In a rare showing of political consensus in the Oireachtas, representatives from four parties as well as Independents have held a joint press conference to support a new waste reduction Bill.
The Green Party and Labour are co-sponsoring a Bill aimed at reducing the amount of packaging and waste in consumer products.
After party leaders Eamon Ryan and Brendan Howlin extended an open invitation to other parties to join them on the plinth of Leinster House on Tuesday, representatives from Sinn Féin and the Social Democrats also appeared as well as the Independent Senator Alice Mary Higgins.
The Waste Reduction Bill will be debated in the Dáil this week. Among other things it proposes that non-biodegradable coffee cups be banned from 2020, and has also proposed a deposit and refund scheme for closed beverage containers.
Mr Ryan also disclosed that Fianna Fáil will support the Bill, essentially guaranteeing its successful passage through second stage.
“Michael Martin indicated last week he will support the Bill.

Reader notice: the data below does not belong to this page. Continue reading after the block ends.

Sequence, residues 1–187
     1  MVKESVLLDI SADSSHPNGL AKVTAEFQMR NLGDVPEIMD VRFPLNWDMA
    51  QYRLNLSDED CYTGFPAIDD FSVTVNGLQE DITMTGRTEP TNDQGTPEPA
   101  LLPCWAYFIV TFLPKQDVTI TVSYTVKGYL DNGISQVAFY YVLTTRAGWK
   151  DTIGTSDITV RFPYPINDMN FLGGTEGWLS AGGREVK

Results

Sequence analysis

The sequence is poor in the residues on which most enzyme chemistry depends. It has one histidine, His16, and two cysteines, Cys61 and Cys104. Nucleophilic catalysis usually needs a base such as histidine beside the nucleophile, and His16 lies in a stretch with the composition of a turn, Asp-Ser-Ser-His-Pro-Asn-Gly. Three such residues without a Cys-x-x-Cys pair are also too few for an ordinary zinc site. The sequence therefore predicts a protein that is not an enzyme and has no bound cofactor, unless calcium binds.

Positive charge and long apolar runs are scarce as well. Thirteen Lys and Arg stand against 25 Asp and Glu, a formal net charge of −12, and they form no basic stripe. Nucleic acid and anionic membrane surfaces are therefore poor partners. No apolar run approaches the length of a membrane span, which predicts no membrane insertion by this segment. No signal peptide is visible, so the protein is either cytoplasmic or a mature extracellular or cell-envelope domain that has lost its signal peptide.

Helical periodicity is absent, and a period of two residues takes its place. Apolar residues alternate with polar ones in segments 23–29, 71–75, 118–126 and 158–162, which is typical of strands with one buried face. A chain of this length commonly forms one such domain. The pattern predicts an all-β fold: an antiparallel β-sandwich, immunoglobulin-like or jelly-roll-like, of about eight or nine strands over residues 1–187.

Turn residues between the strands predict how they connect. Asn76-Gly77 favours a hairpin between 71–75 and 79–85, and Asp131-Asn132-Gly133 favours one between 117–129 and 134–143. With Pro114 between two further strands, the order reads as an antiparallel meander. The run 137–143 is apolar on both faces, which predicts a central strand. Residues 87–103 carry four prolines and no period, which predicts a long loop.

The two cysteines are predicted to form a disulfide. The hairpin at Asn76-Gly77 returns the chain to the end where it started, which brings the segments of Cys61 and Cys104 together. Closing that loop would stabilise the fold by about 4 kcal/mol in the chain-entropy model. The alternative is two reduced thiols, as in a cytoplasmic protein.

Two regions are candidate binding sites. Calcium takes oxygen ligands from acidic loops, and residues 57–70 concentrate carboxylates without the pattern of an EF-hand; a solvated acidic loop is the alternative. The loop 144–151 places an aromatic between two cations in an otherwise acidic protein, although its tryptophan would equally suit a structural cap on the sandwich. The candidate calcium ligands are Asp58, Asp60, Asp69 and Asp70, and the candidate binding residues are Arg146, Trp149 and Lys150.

“This is not a kick-the-Government motion.
“While the Government will probably oppose it and say kick it back six months, we will get it through second stage and then [hear what Fine Gael will say],” said Mr Ryan.
Mr Howlin emphasised that the motion was a good example of cross-party cooperation and said it could be extended to other issues. It was Labour who suggested to the Greens that the party could use its private members time this week (the last week of the Dáil before the recess) to present the Bill.
“All of us agree that one of the most pressing things is climate change . . . We need fundamental change and not tinkering about and that is a consensus across many parties.
“We need to stop talking about it and start acting about it,” he said.
Sinn Féin has its own private members Bill, which party environment spokesman Brian Stanley says is wider. He said his party would support the Bill but seek amendments to make it more robust.
Róisín Shortall of the Social Democrats said the Government was tinkering and allowing the waste situation to become a “free-for-all”.
She said the Bill was progressive in that it tackled waste use at its source.
“When you take messages home and put them on kitchen table, (you see) all the cardboard and cellophane and plastic that is superfluous and non-recyclable,” she said.
The Government is likely to oppose the Bill on grounds of the costs involved with an argument that the legislation, while well-intentioned, cannot be justified in its current from from a cost perspective as it will ultimately impose an over-onerous burden on consumers.